While implant surgery is the most common type, there are added benefits to soft tissue procedures such as DIEP flap and TRAM.
These procedures are similar since they’re both soft tissue based, but also very different. These differences will determine how you may feel after your surgery but offer excellent results either way.
WHAT IS A TRAM FLAP?
TRAM is a transverse rectus abdominis, which is a muscle in your lower abdomen between your waist and your pubic bone. A flap of your skin, fat and all, or parts of your underlying rectus abdominus muscle are used to reconstruct the breast in a TRAM flap procedure.
HOW DOES TRAM FLAP BREASTSURGERY WORK?
There are two different ways to approach the TRAM flap procedure. Both give the same results, just two options. A pedicled TRAM is where the surgeon leaves the muscle and the tissue to attach both to the original blood supply in the lower abdomen area and try to maneuver underneath the skin to their new location in the chest. A free TRAM is where those tissues are completely taken away and detached, then reattached to the blood vessels in your armpit area while using advanced techniques.
WHAT ARE THE SIDE EFFECTS?
The side effects of TRAM flap surgery have some significant complications. Each woman’s breast sensation changes. This happens due to the nerves in the woman’s breast changing and can cause her not to feel anything. While the surgery typically takes 6 to 8 hours, keep in mind you are under anesthesia during surgery as well, so it will take additional time for the anesthesia to wear off.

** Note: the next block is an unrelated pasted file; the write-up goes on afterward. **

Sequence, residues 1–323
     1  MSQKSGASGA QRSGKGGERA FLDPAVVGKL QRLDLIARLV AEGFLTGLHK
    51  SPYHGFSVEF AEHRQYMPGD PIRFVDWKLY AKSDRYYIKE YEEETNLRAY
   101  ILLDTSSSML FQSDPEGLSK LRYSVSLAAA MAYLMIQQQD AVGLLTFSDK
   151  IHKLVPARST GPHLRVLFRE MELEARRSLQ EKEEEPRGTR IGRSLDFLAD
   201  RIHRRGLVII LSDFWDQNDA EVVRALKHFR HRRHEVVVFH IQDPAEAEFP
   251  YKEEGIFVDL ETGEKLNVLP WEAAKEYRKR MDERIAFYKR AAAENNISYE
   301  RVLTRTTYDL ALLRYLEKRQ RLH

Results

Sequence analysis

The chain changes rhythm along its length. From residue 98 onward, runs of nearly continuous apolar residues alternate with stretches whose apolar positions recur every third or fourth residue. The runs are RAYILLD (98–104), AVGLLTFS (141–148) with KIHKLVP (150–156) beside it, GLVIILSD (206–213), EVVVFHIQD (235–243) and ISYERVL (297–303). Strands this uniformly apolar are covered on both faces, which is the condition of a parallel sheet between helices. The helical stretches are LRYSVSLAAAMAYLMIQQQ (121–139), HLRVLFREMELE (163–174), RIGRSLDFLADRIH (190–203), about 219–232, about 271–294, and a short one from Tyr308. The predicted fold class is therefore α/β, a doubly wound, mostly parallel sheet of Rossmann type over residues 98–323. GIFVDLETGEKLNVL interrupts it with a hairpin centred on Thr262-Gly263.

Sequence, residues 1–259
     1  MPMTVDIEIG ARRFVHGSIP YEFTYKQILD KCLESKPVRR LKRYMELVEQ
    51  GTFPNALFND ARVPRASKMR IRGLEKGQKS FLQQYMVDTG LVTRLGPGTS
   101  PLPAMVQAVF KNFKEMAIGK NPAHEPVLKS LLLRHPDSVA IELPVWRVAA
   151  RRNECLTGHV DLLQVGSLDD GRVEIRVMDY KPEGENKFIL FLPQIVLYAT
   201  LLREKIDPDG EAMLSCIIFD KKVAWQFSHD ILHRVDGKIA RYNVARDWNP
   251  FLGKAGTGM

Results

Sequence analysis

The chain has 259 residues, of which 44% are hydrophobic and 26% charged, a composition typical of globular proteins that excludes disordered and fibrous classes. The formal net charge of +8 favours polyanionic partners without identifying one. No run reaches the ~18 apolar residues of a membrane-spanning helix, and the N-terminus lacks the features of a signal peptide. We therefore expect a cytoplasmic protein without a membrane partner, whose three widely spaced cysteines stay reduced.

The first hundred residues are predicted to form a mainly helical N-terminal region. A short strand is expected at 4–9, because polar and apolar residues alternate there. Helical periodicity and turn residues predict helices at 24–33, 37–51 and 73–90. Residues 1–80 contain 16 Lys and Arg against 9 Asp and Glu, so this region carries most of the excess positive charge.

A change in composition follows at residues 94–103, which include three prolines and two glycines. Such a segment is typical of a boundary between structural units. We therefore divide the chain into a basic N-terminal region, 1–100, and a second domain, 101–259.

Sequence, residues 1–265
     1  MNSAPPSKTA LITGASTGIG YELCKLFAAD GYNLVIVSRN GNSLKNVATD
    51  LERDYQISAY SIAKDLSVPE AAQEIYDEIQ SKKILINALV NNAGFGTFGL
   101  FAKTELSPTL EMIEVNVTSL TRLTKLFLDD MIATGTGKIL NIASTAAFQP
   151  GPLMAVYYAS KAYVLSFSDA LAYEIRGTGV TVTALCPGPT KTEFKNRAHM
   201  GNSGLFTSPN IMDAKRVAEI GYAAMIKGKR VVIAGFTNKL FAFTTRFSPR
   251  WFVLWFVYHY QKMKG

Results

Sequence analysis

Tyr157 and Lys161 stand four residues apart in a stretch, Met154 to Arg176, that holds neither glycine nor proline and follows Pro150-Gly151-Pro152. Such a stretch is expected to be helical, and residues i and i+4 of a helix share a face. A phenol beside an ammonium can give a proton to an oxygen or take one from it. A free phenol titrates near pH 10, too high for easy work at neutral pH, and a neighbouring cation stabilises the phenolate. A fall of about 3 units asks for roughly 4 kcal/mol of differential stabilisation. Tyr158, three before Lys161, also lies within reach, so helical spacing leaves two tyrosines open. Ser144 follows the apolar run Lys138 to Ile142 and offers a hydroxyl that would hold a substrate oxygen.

Depending on the condition of the breast, the surgery may take longer. Some women have to get drains placed due to fluid in their breast, which can sometimes play a part in the complications that you can face.
WHAT IS THE RECOVERY TIME?
Extended recovery and healing time is also a factor. You will spend 5 to 10 days in the hospital after the TRAM Flap surgery. The recovery time and each person is different, but the recovery and healing time can typically take 6 weeks to 8 weeks depending on how your body heals.
You will need to wear a compression girdle for up to 8 weeks after the surgery. This is needed because your body just went through a surgery that placed great stress on two parts of your body. The recovery time for each person varies. Some people may heal faster, it’s all about resting and allowing your body to recover from the extensive surgery and changes your body went through during surgery.
WHAT IS DIEP FLAP SURGERY?
DIEP stands for the Deep Inferior Epigastric Perforator artery which runs through your abdomen. DIEP flap is similar to a muscle-sparing free TRAM flap, but also very different due to the fact that no muscle is used to rebuild the breast. A muscle-sparing free TRAM flap uses some muscle. While a DIEP flap is considered as a muscle-sparing type of flap which helps the surgeon be able to save the patient’s muscles entirely.
HOW DOES DIEP FLAP SURGERY WORK?